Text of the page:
2 Answers | Add Yours
In addition to the natural imagery of Chapter Six of Fitzgerald's The Great Gatsby, there is much color imagery, imagery that prevails throughout the course of the novel.
For instance, during the chronicle of Gatsby's history, Gatsby is described as having in his youth as a clam digger, a "brown, hardening body [who] lived naturally." In contrast to his naturalness, Gatsby wears a blue coat after he goes to work for Dan Cody. This allusion to blue for Gatsby is a recurring one, for his "blue lawns" of Chapter Three mingle with the "blue smoke of his brittle leaves" in one passage; and, his chauffeur wears "robins' egg blue" in Chapter Three. Like the eyes of T. J. Eckleberg on the billboard in the Valley of Ashes, blue signifies illusions and alternatives to reality. Curiously, at the party Daisy notices a lovely girl who talks with her director, a man with a "sort of blue nose" that Daisy says she likes.
Grey is also mentioned. As the color of the ashes in the area of destruction, this color represents lifelessness and possible decay. Dan Cody, " a grey, florid man with a hard empty face." Representing more decay, Cody is the man who has given Gatsby his "legacy of twenty-five thousand dollars."
Decadence is suggested by yellow: "yellow cocktail music": of course, in connection with Daisy the color gold is used: "...here's my little gold pencil..." And, she, too, is associated with grey: "A breeze stirred the grey haze of Daisy's fur collar."
While the party has "the same many-colored, many-keyed commotion" as Nick feels an "unpleasantness in the air, a pervading harshness that hadn't been there before." At the end of the evening, Nick sits on the front steps where
It was dark here in front: only the bright door sent ten square feet of light volleying out into the soft black morning. Sometimes a shadow moved against a dressing-room blind above, gave way to another shadow, and indefinite procession of shadows, who rouged and powdered in an invisible glass.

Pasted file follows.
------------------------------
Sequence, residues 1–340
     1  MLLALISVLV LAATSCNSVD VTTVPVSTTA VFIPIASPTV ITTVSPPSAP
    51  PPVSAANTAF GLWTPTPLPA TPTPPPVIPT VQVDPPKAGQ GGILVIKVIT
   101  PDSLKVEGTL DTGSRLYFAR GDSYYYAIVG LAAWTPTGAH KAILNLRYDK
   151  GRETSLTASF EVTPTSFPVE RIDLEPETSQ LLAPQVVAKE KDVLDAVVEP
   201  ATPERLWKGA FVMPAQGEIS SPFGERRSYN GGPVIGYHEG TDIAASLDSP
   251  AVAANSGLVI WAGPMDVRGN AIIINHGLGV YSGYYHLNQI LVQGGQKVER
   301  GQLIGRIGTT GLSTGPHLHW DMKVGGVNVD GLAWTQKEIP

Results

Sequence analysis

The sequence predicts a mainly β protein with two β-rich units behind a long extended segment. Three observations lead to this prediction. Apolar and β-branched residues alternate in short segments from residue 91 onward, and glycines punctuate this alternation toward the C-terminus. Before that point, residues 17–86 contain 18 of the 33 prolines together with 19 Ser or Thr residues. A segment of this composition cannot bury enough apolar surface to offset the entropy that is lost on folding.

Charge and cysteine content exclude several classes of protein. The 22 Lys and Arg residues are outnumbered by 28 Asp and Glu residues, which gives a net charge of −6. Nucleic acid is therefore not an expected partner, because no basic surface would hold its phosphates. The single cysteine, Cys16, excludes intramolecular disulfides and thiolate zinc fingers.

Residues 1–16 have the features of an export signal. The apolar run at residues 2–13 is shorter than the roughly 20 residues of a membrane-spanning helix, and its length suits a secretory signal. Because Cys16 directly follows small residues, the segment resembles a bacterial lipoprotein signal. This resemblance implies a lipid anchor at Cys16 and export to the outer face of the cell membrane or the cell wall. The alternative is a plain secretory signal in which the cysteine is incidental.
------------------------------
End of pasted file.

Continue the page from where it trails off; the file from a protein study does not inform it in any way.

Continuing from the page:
With such color imagery, illusion, decadence, and decay are suggested. The unpleasantness that Nick senses is reflected in these colors as Chapter Six leads to the next chapter which contains the climax of Fitzgerald's narrative.
Back in Chapter Three, there are also several metaphors:
...an extra gardener toiled...repairing the ravages of the night before.
a pyramid of pulpless halves.
the opera of voices
the sea-change of faces and voices and color...
There are also oxymorons:
"enthusiastic meetings between women who never knew each other's names."
..."the rules of behavior associated with amusement parks."
In Chapter 6 of The Great Gatsby, Fitzgerald uses much natural imagery to depict the carnival atmosphere coming from Gatsby's party:
There was music from my neighbor’s house through the summer nights. In his blue gardens men and girls came and went like moths among the whisperings and the champagne and the stars. At high tide in the afternoon I watched his guests diving from the tower of his raft, or taking the sun on the hot sand of his beach while his two motor-boats slit the waters of the Sound, drawing aquaplanes over cataracts of foam.
The description also uses simile (party-goers are "like moths") and anthropomorphism, the use of comparing humans to animals, in an effort to show how the guests are mindlessly attracted to the spectacle of a party the way a moth is drawn to light. Later, Nick says:
his station wagon scampered like a brisk yellow bug to meet all trains.
In all, these literary devices (imagery, simile, and anthropomorphism) show that human existence is fleeting.
We’ve answered 319,865 questions. We can answer yours, too.Ask a question